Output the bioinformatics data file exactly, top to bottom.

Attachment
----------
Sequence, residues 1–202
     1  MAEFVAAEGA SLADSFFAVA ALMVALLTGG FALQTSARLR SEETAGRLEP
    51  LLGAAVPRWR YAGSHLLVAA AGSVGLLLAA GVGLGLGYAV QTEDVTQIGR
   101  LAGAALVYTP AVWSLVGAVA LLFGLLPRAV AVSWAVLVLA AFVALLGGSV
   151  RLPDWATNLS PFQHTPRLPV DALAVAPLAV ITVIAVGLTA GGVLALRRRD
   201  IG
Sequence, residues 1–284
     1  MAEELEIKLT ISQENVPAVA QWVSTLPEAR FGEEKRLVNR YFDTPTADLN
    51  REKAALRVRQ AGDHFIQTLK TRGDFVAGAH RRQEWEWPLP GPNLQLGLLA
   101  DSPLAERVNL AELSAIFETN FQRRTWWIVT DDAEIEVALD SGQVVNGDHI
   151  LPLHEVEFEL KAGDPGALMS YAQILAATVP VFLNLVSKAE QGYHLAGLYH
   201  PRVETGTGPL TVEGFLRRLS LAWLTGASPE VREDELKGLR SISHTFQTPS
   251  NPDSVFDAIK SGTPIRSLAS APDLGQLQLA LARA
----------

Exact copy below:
Sequence, residues 1–202
     1  MAEFVAAEGA SLADSFFAVA ALMVALLTGG FALQTSARLR SEETAGRLEP
    51  LLGAAVPRWR YAGSHLLVAA AGSVGLLLAA GVGLGLGYAV QTEDVTQIGR
   101  LAGAALVYTP AVWSLVGAVA LLFGLLPRAV AVSWAVLVLA AFVALLGGSV
   151  RLPDWATNLS PFQHTPRLPV DALAVAPLAV ITVIAVGLTA GGVLALRRRD
   201  IG
Sequence, residues 1–284
     1  MAEELEIKLT ISQENVPAVA QWVSTLPEAR FGEEKRLVNR YFDTPTADLN
    51  REKAALRVRQ AGDHFIQTLK TRGDFVAGAH RRQEWEWPLP GPNLQLGLLA
   101  DSPLAERVNL AELSAIFETN FQRRTWWIVT DDAEIEVALD SGQVVNGDHI
   151  LPLHEVEFEL KAGDPGALMS YAQILAATVP VFLNLVSKAE QGYHLAGLYH
   201  PRVETGTGPL TVEGFLRRLS LAWLTGASPE VREDELKGLR SISHTFQTPS
   251  NPDSVFDAIK SGTPIRSLAS APDLGQLQLA LARA